As my kids go off to university, we have taken the opportunity to claim back the space that they call their bedroom and we collectively call the pit.
It became very clear as the “keep” versus “discard” piles grew that most the stuff collected over the years were well marketed fads that extracted large amounts of cash out of the parents. As an example, we found 8 dead Tamagotchis, the small egg shaped computer sold as a digital pet along with countless “collectable” cards and various other assorted versions of money extracting devices.
It was only the Lego, along with books and jigsaws, that has passed the “keep” test as it is durable, restricted only by imagination (most of the original instructions are missing), easy to use, has replaceable elements and we have tons of the stuff, so potential grandchildren can always be amused.
So, does the promise of DLT pass the “Lego” test or is it a technology fad aimed at extracting cash from the industry at large?
1. Imagination – yes it passes this judging by the huge amounts of POCs being discussed, developed in both financial services and other industries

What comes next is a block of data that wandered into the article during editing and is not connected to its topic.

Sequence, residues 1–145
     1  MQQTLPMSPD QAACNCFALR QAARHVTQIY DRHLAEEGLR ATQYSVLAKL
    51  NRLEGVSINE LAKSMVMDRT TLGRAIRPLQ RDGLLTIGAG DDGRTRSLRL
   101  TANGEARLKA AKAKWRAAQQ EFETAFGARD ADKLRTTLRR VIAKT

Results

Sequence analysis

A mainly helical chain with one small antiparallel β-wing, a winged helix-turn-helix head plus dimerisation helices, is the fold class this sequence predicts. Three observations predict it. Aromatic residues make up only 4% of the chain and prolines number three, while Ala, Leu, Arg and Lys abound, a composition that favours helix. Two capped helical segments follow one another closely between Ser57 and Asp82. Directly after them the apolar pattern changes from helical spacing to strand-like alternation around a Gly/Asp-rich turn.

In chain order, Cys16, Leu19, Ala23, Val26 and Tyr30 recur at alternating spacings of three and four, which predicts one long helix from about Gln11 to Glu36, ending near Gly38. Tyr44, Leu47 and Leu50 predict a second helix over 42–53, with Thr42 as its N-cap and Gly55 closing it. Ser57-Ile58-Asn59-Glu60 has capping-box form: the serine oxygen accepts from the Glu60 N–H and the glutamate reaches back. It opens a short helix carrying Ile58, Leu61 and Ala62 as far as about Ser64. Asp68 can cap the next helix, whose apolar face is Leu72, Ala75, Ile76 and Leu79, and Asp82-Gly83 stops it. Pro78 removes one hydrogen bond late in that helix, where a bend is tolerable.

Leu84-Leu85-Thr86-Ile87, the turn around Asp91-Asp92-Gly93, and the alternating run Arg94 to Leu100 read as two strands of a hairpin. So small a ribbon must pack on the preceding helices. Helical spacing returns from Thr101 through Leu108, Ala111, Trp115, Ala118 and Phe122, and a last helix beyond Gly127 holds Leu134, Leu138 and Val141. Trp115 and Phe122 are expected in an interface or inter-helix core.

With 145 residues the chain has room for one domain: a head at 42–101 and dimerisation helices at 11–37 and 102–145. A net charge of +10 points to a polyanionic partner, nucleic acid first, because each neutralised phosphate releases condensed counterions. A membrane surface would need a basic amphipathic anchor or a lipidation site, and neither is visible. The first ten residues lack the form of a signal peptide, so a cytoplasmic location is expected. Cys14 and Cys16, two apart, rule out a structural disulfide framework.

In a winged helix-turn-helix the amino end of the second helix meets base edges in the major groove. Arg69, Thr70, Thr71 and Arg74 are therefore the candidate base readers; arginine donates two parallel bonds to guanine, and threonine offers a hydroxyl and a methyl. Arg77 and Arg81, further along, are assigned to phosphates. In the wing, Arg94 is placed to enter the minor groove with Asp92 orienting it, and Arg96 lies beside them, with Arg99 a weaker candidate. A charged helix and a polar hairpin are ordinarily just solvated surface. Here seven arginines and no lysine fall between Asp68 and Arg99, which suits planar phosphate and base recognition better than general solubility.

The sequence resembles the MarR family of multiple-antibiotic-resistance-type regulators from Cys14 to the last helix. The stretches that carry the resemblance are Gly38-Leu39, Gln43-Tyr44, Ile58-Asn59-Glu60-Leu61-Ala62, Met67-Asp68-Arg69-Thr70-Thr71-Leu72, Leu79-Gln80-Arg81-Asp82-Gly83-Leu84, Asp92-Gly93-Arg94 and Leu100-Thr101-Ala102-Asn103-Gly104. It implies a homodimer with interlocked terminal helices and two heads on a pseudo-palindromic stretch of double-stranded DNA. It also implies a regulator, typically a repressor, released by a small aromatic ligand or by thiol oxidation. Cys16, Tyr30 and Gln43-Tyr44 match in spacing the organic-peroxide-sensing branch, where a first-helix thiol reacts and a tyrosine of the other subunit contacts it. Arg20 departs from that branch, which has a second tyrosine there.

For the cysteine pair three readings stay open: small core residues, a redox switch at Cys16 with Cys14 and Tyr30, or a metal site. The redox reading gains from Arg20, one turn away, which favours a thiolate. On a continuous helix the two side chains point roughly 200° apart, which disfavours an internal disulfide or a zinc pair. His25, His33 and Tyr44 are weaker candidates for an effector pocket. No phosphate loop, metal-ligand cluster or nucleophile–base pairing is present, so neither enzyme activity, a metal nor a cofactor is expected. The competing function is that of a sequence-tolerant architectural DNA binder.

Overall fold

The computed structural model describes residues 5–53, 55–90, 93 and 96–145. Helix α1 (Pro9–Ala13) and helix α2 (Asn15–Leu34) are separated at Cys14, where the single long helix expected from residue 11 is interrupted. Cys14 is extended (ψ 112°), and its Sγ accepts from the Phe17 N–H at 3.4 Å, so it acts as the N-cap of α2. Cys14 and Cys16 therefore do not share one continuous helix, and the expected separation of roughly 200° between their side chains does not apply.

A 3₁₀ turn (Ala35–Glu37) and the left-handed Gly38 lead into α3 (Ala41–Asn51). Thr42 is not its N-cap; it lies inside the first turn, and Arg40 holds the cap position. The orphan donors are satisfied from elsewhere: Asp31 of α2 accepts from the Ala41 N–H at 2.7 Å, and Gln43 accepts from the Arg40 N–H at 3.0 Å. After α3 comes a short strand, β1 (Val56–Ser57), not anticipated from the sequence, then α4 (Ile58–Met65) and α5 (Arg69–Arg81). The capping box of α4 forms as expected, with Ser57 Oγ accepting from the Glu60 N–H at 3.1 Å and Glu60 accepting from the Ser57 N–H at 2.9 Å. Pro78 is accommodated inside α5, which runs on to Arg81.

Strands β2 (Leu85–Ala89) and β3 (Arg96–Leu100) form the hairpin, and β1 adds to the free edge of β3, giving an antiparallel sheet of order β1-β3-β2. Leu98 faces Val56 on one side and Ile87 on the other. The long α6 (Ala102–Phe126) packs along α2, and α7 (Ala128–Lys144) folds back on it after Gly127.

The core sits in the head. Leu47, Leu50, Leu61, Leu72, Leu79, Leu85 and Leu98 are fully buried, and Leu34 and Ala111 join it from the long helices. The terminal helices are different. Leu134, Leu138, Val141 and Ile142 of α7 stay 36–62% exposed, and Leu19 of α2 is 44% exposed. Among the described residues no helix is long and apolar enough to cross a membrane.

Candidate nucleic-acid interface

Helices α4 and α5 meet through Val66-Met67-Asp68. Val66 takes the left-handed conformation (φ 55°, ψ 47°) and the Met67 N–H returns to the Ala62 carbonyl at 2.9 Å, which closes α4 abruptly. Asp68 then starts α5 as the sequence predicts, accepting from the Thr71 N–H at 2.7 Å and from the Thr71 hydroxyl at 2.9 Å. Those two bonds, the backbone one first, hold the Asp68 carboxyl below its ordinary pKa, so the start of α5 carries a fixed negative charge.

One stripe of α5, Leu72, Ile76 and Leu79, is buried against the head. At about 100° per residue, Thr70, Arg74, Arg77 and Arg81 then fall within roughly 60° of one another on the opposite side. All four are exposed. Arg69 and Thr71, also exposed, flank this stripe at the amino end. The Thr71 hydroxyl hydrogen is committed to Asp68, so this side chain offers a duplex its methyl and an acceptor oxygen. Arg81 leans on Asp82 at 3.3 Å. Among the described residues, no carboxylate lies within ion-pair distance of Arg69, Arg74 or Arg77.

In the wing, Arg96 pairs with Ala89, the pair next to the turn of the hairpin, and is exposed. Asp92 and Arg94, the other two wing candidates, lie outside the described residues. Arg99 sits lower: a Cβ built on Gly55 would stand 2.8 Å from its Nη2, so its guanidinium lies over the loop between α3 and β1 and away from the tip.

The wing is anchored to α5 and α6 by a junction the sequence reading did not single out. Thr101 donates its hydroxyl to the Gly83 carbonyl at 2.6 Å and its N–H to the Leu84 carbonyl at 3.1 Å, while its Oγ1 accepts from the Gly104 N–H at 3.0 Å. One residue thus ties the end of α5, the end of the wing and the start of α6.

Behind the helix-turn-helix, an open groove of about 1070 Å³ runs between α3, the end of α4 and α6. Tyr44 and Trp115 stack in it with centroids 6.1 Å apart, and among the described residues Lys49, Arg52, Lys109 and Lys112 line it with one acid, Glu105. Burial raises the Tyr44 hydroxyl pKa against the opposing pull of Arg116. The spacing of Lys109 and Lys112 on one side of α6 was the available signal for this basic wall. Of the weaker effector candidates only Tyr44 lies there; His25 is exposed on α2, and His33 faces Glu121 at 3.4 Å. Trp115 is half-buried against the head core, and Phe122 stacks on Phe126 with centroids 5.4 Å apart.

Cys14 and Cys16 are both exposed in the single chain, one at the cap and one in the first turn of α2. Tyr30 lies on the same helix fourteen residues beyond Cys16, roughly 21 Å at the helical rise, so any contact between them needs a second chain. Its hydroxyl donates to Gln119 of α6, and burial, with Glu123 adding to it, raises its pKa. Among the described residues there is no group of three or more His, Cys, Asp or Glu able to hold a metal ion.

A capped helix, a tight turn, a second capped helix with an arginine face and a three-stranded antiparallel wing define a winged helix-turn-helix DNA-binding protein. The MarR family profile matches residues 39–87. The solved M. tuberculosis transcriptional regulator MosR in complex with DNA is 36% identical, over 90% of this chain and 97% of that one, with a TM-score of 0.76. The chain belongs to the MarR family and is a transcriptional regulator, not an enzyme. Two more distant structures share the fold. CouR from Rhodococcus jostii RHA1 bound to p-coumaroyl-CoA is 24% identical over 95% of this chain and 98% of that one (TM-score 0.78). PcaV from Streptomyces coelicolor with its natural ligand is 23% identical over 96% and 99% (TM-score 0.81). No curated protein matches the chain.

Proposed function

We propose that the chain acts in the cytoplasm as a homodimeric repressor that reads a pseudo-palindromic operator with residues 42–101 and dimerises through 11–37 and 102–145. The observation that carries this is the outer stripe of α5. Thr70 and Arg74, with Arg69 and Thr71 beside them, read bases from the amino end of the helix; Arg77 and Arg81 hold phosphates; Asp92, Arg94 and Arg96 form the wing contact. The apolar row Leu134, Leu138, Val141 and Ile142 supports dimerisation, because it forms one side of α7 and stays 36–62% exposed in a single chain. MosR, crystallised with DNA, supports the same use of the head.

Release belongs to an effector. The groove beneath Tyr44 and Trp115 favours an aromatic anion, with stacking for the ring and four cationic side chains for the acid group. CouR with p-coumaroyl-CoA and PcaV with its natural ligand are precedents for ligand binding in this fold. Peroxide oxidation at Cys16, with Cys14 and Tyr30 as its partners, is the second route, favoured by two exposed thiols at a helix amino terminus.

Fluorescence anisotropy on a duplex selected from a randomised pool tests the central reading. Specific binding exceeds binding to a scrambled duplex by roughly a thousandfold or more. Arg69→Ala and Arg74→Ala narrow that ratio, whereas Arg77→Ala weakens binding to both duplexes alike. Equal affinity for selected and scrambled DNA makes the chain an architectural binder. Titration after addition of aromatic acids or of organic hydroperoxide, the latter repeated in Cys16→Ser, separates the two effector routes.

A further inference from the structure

2. Easy to use – it seems so, see www.credits.works
3. Durable – as Peter Randell of SETL said recently “we have solved scale, capacity and speed and have demonstrated the ability to send assets from one chain to another. Once you can do that, you can run chains in parallel, and then there is no end to the scale – if you want more capacity, you add another chain.”
It does seem that many initiatives are emerging out of the test environments and we can realistic expect commercial level blockchains in the next few years which may well link together like the ubiquitous Lego brick.
I am therefore confident that DLT does pass my own rather simplistic test and look forward to seeing how it all pans out over the next few years.